Good morning, and welcome to our rolling coverage of the world economy, the financial markets, the eurozone and business. The waiting game continues for the US-China trade deal. Chinese state media described the latest discussions, held by phone over the weekend, as “constructive,” but a report from CNBC suggested yesterday that the mood in Beijing
Good morning, and welcome to our rolling coverage of the world economy, the financial markets, the eurozone and business.
The waiting game continues for the US-China trade deal. Chinese state media described the latest discussions, held by phone over the weekend, as “constructive,” but a report from CNBC suggested yesterday that the mood in Beijing was pessimistic. Doubts have crept in over whether a preliminary deal can be struck, and when.
Vishnu Varathan, head of economics and strategy at Mizuho Bank’ Asia Treasury Department in Singapore, told Reuters:
There are some lingering doubts over whether a phase one deal can be struck. The suspicion is that there’s a lot more wrinkles to iron out than initially thought.
In a positive sign, the Trump administration issued a new 90-day extension allowing US companies to continue to do business with China’s Huawei Technologies while US regulators work on rules on telecommunications firms that pose a risk to national security.
The trade war between the world’s two biggest economies has dragged on well for over a year. David Madden, market analyst at CMC Markets UK, says:
In the middle of next month, the Trump administration will introduce fresh tariffs on roughly $156bn worth of Chinese imports, unless something changes. Some traders are hoping phase one of the overall trade deal will be agreed upon by then so there will be no need to press ahead with new tariffs.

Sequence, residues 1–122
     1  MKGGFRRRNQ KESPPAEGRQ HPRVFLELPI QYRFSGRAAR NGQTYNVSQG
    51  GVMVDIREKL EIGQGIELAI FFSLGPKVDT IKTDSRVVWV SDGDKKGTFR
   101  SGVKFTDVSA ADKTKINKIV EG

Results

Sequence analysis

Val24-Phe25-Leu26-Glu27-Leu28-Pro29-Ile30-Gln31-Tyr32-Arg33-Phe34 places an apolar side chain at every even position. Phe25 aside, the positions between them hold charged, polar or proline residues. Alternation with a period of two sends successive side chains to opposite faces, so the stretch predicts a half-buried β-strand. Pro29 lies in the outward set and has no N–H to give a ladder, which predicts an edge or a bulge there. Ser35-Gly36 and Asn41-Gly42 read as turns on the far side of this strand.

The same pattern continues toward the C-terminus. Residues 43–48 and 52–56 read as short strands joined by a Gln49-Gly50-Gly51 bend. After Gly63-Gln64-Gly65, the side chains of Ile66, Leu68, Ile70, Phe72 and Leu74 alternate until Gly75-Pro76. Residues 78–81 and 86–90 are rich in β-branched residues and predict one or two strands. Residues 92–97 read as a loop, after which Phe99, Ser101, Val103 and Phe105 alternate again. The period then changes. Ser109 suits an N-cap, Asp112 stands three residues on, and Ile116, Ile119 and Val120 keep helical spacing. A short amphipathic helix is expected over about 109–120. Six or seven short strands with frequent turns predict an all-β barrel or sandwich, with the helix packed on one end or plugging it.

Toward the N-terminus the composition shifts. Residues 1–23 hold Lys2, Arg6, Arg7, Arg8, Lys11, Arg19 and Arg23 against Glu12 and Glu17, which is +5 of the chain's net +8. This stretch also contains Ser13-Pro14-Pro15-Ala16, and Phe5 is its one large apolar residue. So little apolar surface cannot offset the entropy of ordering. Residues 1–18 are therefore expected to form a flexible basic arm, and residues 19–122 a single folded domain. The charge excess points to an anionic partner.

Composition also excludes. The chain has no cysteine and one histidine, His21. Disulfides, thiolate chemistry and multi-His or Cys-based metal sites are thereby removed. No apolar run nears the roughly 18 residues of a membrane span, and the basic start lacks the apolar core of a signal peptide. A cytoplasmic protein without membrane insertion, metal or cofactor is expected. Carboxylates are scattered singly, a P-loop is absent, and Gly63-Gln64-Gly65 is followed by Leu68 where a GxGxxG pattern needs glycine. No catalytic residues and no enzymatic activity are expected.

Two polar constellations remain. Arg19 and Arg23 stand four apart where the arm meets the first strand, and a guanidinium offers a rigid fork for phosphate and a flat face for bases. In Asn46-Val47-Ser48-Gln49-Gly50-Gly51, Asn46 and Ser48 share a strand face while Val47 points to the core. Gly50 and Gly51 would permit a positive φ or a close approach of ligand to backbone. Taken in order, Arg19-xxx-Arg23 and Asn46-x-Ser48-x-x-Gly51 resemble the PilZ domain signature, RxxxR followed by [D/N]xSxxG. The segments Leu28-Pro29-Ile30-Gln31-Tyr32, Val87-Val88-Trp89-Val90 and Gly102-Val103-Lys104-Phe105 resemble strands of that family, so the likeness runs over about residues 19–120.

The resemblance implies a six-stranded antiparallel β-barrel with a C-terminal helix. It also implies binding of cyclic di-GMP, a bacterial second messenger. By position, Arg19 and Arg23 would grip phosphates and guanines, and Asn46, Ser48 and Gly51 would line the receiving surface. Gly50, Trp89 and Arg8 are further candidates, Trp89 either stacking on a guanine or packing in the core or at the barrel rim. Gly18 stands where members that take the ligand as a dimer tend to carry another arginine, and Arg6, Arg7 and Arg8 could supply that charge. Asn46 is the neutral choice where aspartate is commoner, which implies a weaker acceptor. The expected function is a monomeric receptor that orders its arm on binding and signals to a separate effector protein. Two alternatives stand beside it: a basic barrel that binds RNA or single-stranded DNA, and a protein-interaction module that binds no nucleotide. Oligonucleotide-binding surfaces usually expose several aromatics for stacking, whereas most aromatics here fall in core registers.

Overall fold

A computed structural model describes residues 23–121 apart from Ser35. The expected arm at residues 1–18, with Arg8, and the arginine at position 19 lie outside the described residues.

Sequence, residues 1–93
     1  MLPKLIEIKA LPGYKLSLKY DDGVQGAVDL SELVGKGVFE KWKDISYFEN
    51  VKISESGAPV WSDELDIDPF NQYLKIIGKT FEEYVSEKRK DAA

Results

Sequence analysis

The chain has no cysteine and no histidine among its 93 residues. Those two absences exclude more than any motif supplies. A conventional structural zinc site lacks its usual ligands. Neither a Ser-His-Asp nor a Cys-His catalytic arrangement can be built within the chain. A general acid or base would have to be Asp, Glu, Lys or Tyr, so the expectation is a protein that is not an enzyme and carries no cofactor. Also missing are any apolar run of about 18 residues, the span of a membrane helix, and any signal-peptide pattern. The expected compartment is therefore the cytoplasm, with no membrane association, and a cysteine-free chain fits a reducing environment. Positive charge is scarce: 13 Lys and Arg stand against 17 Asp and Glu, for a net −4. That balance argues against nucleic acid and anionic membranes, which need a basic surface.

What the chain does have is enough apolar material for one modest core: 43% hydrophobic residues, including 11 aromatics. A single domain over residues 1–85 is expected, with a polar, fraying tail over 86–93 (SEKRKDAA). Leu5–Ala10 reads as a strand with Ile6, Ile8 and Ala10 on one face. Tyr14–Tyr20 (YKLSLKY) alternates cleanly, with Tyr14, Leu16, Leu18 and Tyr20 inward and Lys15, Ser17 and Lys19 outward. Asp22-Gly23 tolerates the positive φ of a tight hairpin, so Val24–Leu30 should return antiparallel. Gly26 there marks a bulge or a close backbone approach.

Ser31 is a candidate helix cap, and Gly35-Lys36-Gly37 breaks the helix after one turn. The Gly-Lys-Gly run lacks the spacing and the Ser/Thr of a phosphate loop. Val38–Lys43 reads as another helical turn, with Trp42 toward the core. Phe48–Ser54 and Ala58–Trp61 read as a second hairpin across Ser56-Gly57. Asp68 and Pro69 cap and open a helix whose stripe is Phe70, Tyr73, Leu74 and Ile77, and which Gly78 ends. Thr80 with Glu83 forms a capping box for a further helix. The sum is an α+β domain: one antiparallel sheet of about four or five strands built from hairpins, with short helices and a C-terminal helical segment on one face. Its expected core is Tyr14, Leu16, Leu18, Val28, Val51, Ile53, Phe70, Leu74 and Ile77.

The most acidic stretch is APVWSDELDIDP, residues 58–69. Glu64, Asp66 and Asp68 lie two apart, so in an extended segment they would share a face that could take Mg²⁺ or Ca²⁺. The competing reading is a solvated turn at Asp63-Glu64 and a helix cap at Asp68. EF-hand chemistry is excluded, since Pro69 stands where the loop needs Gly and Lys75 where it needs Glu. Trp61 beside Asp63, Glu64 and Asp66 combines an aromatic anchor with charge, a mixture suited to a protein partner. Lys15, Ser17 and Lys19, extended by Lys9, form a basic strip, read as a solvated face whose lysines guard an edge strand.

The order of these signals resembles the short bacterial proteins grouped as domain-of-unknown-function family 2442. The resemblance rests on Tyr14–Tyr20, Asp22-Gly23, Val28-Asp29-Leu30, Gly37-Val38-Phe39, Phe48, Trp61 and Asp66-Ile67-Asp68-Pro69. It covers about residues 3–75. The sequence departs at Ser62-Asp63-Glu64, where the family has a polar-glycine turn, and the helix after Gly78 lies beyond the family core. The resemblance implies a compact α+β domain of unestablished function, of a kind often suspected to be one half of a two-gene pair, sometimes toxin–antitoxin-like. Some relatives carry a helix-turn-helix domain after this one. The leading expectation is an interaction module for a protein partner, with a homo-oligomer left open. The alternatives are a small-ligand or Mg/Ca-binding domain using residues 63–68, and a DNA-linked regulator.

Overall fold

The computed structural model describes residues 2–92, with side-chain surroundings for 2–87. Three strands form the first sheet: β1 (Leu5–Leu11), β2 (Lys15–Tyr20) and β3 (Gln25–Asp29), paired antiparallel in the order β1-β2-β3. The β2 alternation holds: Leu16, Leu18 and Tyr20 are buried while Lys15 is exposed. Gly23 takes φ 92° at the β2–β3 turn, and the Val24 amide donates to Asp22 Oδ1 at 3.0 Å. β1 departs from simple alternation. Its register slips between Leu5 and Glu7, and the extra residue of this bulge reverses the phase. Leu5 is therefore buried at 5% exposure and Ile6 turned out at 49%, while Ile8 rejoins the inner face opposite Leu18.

Mr Trump would like more concessions from China in relation to intellectual property rights, but for now he doesn’t want to reverse tariffs, but China are open to the idea of rolling back on the levies. The toing and froing of the trade spat will probably continue up until when the next round of US levies are set to kick in, and then we could see some constructive talks.
Asian stock markets are mixed – the Shanghai composite index gained 0.78%, Hong Kong’s Hang Seng rose 1.29% and the Australian market advanced 0.7%. Sentiment was lifted by hopes that Beijing will provide more stimulus after yesterday’s rate cut from the People’s Bank of China.
However, other markets are down – Japan’s Nikkei fell 0.53%, as exporters came under pressure from a firmer yen against the dollar, while the South Korean Kospi slipped 0.34%.
The pound has performed well as the Conservative Party is leading in the polls, and after Boris Johnson declared that all Tory candidates standing in next month’s election had promised to back the deal he brokered with the EU.
The pound is inching higher this morning, trading below $1.30 at $1.2959, following the prime minister’s speech at the CBI’s annual conference yesterday. He will square up to the Labour leader, Jeremy Corbyn, in the first televised election debate tonight at 8pm on ITV.
European stocks are expected to open slightly higher, close to the record highs struck recently.
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